Angela, Zolac no Miko (zolac_no_miko) wrote,
Angela, Zolac no Miko
zolac_no_miko

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BEST. DAY AT WORK. EVER.

My icon has never been more appropriate.

So back in March a new fissure opened up between Nāpau Crater and Pu‘u ‘Ō‘ō (you may remember I made a post about it) and lava poured out for a few days, and an experimental seeding and out-planting section of the forest caught fire and burned to the ground. We've dubbed this area Kupukupu, and now that my adventures in Kealakomo Waena are complete, our next big project is checking up on our experimental plots and seeing what survived, what's resprouting, and what seedlings are coming up.

Today was our second day up there (our first day was a few weeks ago). We hiked around, surveyed our plots, and a little after 2 p.m. we started the 40-minute hike back down to our truck.

WHICH IS WHEN THIS HAPPENED.

...Yes, that would be a volcanic eruption.

According to the Hawaiian Volcano Observatory website (also check out their web cameras), rapid deflation of the Pu‘u ‘Ō‘ō Crater floor was detected at 2:05. We started to leave our work site at 2:15. The eruption began at 2:20.

Consider, if you will, this Google Map I have marked, showing the estimated location of the new eruption, and my estimated location at time of eruption. I was about, oh, I dunno, 4 miles (6ish kilometers) from the fissure, down slope (and due south, which is, according to the website, where the lava was going).

We had, by the way, absolutely no idea this was going on at the time. We were a fair part of the distance back down to our truck when our radio started going crazy with chatter about volcanic activity at Pu‘u ‘Ō‘ō, but it wasn't until we got in our truck and started driving back up Chain of Craters Road that we saw the black plume and pulled over to take pictures realized what was happening.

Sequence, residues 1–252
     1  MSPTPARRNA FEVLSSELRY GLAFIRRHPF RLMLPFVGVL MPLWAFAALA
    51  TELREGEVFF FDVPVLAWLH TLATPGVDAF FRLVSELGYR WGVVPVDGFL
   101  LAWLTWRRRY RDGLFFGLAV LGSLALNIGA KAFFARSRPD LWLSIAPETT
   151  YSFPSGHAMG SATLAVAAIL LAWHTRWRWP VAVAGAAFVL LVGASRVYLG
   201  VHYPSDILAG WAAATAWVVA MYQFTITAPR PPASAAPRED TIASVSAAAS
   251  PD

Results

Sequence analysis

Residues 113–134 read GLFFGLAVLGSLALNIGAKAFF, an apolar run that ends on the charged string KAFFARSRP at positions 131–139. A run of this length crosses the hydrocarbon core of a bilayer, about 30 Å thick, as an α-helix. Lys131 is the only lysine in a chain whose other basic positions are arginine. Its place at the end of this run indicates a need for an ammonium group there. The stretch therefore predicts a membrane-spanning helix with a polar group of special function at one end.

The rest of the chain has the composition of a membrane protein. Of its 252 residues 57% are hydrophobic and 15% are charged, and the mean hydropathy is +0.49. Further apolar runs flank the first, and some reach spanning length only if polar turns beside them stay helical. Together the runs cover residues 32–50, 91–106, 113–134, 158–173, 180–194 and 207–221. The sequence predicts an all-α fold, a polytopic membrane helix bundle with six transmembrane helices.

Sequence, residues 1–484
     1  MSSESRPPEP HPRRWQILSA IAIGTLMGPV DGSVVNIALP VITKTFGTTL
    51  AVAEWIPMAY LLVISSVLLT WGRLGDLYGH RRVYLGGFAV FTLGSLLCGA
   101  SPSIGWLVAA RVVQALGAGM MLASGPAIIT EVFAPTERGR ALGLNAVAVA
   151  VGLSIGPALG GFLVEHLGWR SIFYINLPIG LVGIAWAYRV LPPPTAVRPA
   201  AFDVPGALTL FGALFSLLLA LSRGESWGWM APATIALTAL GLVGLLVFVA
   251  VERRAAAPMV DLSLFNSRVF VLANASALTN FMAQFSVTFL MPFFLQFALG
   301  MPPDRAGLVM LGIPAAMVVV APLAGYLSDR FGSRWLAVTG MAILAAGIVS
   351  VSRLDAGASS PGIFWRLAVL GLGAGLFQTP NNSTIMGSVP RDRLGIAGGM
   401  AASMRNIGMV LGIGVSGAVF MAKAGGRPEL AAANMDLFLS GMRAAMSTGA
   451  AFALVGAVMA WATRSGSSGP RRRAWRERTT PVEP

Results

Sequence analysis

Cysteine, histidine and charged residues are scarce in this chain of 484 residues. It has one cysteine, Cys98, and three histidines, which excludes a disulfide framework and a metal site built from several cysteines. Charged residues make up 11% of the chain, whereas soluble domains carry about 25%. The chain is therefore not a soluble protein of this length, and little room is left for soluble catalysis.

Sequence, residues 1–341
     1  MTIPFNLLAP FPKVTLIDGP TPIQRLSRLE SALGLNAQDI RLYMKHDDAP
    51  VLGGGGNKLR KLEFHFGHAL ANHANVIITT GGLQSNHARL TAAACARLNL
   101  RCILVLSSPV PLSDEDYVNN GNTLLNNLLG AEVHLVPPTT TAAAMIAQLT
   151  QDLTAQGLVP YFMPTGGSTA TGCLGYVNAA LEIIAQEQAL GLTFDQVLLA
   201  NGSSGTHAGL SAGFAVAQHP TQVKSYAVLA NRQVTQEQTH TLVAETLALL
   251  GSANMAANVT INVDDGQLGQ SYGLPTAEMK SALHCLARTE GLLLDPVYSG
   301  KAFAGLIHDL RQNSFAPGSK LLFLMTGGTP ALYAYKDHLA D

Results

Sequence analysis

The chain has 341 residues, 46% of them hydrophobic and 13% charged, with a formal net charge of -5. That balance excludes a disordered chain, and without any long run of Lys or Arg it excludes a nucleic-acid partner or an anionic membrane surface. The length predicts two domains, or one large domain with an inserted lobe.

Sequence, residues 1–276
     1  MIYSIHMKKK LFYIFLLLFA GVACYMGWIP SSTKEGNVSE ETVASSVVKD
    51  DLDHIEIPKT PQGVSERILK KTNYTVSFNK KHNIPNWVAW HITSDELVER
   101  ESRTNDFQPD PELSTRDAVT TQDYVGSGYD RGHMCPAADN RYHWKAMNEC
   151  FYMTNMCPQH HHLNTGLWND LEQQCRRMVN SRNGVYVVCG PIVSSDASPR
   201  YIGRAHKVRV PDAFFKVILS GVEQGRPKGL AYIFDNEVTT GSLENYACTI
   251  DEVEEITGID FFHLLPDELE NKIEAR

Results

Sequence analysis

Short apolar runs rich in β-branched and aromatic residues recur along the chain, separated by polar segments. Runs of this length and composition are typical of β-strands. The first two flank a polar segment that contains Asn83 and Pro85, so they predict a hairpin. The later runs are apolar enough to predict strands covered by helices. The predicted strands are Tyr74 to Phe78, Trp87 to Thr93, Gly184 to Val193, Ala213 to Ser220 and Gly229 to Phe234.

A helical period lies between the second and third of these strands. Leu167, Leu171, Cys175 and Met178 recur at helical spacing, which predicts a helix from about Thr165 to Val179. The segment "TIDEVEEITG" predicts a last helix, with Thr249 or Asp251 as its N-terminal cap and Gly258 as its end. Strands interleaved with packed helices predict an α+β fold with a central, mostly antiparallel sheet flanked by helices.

By the time we got to the intersection with Crater Rim Drive, we'd passed a whole posse of government trucks on their way down to evacuate tourists from Chain of Craters, and a roadblock had been set up to keep people out. We got back to the greenhouse, and my boss is like, "Well, I guess we won't be working at Kupukupu again for a while...." I just about died laughing.

MY JOB IS THE BEST JOB. I LOVE MY JOB. I LOVE MY LIFE.

...One of the best bits of today's story is how I'd spent the morning hike up having an extended conversation with our volcano goddess, Pele. It's a thing I do, sometimes, when I'm going to work in the forest; I don't know the appropriate Hawaiian chants, but I like to quietly introduce myself to the forest and beg permission to enter. Today, being so close to the active vent, I spoke to Pele. I introduced myself and described my lineage, explained my reason for being there that day, and asked for her hospitality and, should she care to give it, her assistance. I counted it a win when the sulfur dioxide wasn't as bad as the last time we visited. Looking at the timing of that eruption, though... that happened just as we were leaving. If she had let loose earlier in the day, they would've started evacuating people while we were still well up the hill; I bet we probably would've been buzzed by a helicopter. As it was, she held off until we were on our way out. I asked for hospitality; she exercised her power and showed very clearly that she does whatever she likes, but she chose to let us depart safely.

Mahalo nui loa, Pele. Aloha. Message received.
Tags: hawaii, hells yes, home, i love my job, island life, job, pele (lava) rocks, picspam, volcano
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